*1: The passage in Stow is this–" Nov. 24, 15 Eliz. [Dugd. says Oct. 24, 14 Eliz., 1572], Edward E. of Darby, Lord Stanley and Strange of Knocking, lord of the Isle of Man, knight of the most noble order of the garter, and one of the queen's majestic's privie counsel!, deceased at his house called Latham, in Lancashire. His life and death deserving commendation) and craving memorie to be imitated' was such as followeth.

" His fidelity unto two kings and two queens in dangerous times and great rebellions; in which time (and always as cause served) he was lieutenant of Lancashire and Cheshire; and lately offered 10,000 men to the queen's majestic, of his own charge, for the suppression of the last rebellion.

" His godly disposition to his tenants, never forceing anie service at their hands but due payment of their rent.

" His liberalitie to strangers, and such as shelved themselves grateful to him

" His famous housekeeping; 220 in check-roll; never discontiinuing the space of 42 years.

" His feeding especially of aged persons, twice a day, 60 and odd; besides all commers thrice a week, appointed for his dealing-dayes; and everie Good-Fridaie these 35 years, one with another, 2700 with meat, drink, mosey, and moneyworth.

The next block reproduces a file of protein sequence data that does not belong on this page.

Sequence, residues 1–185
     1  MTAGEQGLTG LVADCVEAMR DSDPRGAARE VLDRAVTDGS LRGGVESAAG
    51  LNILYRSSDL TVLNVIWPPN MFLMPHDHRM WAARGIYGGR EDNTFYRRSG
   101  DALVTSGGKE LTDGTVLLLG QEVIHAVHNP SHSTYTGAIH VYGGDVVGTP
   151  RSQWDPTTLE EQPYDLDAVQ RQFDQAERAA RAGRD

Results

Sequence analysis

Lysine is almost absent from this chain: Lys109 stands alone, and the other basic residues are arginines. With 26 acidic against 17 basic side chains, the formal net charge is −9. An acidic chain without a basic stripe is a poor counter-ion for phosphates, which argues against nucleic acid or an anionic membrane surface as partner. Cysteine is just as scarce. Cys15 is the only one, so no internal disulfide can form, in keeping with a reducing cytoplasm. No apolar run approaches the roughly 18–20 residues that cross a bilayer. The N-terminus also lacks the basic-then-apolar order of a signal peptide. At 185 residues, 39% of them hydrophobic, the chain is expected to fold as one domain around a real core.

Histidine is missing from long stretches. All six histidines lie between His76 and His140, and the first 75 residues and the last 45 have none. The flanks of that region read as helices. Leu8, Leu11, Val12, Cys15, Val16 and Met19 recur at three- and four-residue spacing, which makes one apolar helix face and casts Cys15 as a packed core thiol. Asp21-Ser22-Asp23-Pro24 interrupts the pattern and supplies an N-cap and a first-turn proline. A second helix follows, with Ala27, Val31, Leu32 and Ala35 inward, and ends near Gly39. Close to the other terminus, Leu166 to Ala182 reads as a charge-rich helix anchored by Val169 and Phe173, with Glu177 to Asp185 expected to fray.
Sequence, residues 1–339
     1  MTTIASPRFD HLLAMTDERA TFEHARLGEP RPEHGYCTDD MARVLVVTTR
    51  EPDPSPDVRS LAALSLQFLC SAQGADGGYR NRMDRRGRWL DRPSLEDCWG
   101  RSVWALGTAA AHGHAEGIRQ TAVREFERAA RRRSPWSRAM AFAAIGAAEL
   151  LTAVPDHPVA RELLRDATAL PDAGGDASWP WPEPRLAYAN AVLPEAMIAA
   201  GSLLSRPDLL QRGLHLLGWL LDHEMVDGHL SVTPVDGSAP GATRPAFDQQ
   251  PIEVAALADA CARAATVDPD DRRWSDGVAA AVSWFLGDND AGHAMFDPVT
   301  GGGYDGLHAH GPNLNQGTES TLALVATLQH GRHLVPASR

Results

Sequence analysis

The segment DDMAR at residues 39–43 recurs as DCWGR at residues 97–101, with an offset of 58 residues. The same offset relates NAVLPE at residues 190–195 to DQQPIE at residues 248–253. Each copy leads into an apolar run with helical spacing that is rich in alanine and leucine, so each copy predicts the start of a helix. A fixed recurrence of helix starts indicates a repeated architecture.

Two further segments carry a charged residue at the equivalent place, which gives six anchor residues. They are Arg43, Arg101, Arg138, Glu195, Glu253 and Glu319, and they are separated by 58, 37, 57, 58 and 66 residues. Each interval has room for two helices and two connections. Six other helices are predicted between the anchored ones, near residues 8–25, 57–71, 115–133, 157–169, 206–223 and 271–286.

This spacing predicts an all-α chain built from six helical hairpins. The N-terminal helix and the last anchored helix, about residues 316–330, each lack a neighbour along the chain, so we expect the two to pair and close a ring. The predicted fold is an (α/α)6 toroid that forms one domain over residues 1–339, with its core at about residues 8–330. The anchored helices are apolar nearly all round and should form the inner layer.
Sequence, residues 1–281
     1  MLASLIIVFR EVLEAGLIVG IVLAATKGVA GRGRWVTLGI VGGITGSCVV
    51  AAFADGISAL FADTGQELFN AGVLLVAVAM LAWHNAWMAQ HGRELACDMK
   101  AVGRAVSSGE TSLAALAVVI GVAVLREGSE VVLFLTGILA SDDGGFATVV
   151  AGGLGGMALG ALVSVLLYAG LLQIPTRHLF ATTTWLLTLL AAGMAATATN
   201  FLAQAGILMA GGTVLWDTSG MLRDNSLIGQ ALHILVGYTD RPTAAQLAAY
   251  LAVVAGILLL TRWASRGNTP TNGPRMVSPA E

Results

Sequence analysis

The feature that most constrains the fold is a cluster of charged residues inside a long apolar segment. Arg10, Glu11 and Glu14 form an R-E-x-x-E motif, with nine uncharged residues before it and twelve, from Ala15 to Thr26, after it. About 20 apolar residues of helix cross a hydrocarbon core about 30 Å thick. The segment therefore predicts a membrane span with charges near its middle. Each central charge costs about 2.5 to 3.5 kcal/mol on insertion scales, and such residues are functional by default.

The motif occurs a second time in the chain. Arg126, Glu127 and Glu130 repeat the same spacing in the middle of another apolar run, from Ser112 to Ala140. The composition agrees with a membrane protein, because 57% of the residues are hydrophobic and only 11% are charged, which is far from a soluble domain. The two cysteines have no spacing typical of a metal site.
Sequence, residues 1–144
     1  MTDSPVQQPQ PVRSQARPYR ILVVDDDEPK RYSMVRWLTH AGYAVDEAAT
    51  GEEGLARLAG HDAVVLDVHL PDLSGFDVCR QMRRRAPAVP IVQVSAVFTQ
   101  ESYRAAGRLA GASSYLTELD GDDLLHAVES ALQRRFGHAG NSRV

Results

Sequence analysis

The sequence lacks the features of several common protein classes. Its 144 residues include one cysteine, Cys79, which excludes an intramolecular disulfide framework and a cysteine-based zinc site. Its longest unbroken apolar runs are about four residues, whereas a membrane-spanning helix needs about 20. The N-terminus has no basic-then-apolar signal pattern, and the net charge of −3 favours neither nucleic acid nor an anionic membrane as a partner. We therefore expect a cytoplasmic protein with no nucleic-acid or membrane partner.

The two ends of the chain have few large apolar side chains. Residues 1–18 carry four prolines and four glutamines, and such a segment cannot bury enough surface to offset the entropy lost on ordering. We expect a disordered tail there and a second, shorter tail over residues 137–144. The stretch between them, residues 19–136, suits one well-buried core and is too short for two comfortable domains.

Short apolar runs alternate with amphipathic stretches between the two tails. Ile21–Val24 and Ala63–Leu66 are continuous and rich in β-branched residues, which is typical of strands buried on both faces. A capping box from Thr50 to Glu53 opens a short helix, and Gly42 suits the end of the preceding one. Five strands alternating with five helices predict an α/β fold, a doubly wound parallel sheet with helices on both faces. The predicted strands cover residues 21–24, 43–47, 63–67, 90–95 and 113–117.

" There was never gentleman or other who waited in his service, but had allowance from him to have as well wages as otherwise for horse.and man.

" His yearly portion for the dispence of his house, £4000.

" His cunning in setting bones disjoynted or broke.

"His delivery of his George and seal to the Lord Strange, with exhortation, that he might keep it so unspotted in fidelitie to his prince as he had, and his joy that he died in the queen's favor.

"His joyful [de]parting this world; his taking leave of all his servants by shaking of hands; and his remembrance to the last.

" He was buried at Ormeskirke on the 4 of December, in most honourable mannerist–Stow, fol. edit. p. 672 a.

*2: When Richard III. (then only Duke of Gloucester) arrested the Lord Hastmgs in the Tower, " a man in harnesse let fly at the Lord Stanley, who shrunke at the stroke, and fell under the table, or else his head had been cleft to the teeth for, as shortly as he shrank, yet came the blood about his eares."–Stow, fol. edit.

*3: When K. Richard was come to Bosworth [to fight Henry Earl of Richmund] he sent a pursivant to the Lord Stanley [who hovered, with his followers, near both armies] to come and joyne him, which if he refused, he sware by Christ's passion that he would strike on his sonne's head [whom he had then in his hand, as a hostage for his father's good behaviour]. The Lord Stanley answered, if he did so, he had more sonnes Whereat K. Richard commanded incontinent to be heade him. But his counsailors persuading that it was now time to fight, and not for excution, it was forborne."–Holling., vol. ii. p 1123.